According to pop-culture, one of the most well-known adventurers and archaeologists in movie history, Dr. Henry Walton "Indiana" Jones, was loosely based on the real naturalist, adventurer and mammologist Roy Chapman Andrews.

"Roy Andrews Chapman on Kublai Khan" (ANDREWS 1921).

Roy Chapman Andrews (1884 -1960) was an American explorer, adventurer, naturalist, mammologist and later director of the American Museum of Natural History.

In his youth, he financed his study by offering services as a taxidermist, a self-taught skill. After graduation, he tried to get a job at the Natural History Museum, but there were no positions vacant. Chapman did not surrender and responded that he was even willing to clean the floors if this could him bring into the Museum.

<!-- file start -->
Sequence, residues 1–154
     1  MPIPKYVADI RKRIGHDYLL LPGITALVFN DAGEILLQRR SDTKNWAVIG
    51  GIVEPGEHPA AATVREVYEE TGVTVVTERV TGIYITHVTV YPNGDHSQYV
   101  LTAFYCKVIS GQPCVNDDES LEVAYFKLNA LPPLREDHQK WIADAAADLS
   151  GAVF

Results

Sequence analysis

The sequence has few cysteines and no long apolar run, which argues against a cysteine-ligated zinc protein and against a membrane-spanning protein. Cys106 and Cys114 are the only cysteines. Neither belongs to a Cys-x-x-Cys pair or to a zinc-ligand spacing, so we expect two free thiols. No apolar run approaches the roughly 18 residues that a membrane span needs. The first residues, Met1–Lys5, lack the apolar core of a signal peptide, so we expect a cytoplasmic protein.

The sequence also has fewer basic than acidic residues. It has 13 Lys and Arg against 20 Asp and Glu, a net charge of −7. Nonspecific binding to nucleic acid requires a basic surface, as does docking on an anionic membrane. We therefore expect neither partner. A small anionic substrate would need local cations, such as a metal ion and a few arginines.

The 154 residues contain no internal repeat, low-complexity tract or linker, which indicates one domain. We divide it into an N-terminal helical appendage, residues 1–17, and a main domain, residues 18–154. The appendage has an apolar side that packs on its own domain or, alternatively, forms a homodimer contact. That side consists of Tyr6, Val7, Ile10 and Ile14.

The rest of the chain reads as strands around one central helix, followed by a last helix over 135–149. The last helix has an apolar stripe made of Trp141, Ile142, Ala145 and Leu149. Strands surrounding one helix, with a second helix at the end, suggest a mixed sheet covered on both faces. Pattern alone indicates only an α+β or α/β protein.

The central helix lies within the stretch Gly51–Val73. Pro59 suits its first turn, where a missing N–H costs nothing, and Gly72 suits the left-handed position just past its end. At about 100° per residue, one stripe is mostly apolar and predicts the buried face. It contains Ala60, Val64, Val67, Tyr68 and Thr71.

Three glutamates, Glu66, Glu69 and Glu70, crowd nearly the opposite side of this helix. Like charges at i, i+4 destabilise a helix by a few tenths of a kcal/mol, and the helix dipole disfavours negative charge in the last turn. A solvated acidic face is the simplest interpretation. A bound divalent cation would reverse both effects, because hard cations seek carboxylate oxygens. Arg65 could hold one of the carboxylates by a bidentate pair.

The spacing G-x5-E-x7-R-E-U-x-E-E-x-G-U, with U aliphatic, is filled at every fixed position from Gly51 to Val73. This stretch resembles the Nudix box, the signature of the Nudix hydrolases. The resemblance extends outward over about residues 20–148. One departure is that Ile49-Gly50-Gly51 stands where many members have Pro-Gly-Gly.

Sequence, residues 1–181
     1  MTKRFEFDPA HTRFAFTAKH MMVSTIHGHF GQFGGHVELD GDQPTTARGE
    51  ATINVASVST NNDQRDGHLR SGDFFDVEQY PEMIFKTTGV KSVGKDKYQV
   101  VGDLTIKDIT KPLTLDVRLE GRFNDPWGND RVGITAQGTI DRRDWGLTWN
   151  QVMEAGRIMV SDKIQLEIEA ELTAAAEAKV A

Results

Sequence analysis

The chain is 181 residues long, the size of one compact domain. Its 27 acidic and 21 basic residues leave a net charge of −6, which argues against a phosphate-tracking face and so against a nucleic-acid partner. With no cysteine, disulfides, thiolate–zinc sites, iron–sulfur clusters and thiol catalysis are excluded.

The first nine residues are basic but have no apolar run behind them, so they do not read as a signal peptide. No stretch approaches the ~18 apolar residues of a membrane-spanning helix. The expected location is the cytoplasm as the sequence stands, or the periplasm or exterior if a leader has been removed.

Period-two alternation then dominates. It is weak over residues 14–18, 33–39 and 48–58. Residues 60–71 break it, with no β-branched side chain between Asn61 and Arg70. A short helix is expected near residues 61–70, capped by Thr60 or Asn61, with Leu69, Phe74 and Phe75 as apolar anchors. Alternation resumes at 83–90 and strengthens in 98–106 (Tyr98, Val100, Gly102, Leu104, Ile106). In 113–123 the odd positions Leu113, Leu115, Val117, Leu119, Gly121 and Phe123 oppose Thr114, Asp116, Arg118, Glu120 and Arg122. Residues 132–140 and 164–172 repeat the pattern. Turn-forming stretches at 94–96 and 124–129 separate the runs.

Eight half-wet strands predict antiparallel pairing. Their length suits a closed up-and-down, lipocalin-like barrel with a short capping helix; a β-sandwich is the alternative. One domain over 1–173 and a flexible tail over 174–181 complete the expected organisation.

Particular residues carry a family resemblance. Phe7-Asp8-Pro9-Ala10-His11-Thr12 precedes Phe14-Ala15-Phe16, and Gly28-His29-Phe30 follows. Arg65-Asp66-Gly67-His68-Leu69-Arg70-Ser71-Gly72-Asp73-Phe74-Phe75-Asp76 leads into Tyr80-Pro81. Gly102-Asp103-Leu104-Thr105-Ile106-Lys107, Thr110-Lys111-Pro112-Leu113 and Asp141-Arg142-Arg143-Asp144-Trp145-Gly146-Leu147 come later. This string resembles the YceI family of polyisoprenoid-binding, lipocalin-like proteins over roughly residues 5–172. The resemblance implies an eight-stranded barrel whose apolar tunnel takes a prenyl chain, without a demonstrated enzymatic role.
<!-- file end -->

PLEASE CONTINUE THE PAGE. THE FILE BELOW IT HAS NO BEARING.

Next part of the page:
Surprised by such enthusiasm, he was hired as a janitor and assistant taxidermist. Maybe to mock him in a friendly way, he was assigned every morning to mop the floors in the taxidermy studio; the afternoons were then devoted to real taxidermy.

By hard work Andrews managed to get some attention and he was granted a raise in salary, a full-time job as a taxidermist and asked to guide guests in the Muse
um. In 1907 he was sent on his first expeditions. A whale carcass was washed ashore of Long Island and the Museum hoped to recover the skeleton. Chapman and a colleague were sent to the site, where they discovered that a storm was slowly covering the carcass with sand. For two days they fought the cold sea and the icy wind, only after a week and with the help of local fishermen, the skeleton could be recuperated.